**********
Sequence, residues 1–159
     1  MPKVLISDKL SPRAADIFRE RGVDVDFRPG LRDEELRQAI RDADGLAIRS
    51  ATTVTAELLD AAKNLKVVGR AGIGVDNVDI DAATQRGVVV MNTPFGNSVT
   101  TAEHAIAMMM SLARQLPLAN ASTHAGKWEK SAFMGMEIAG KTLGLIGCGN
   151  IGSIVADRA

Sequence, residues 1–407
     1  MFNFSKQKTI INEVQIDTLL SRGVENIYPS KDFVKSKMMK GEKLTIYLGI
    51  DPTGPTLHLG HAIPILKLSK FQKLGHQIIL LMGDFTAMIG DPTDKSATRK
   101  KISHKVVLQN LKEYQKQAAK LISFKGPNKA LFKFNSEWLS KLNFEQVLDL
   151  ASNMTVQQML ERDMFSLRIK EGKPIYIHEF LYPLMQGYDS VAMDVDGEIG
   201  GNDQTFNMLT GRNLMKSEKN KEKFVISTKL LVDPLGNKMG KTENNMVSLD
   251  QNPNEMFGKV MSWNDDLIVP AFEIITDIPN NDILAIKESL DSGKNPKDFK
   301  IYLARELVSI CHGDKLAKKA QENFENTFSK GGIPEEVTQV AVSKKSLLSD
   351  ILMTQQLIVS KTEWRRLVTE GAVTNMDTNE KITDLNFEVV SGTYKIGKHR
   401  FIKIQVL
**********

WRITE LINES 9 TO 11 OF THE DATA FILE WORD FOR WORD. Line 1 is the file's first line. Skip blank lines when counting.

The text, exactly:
   101  KISHKVVLQN LKEYQKQAAK LISFKGPNKA LFKFNSEWLS KLNFEQVLDL
   151  ASNMTVQQML ERDMFSLRIK EGKPIYIHEF LYPLMQGYDS VAMDVDGEIG
   201  GNDQTFNMLT GRNLMKSEKN KEKFVISTKL LVDPLGNKMG KTENNMVSLD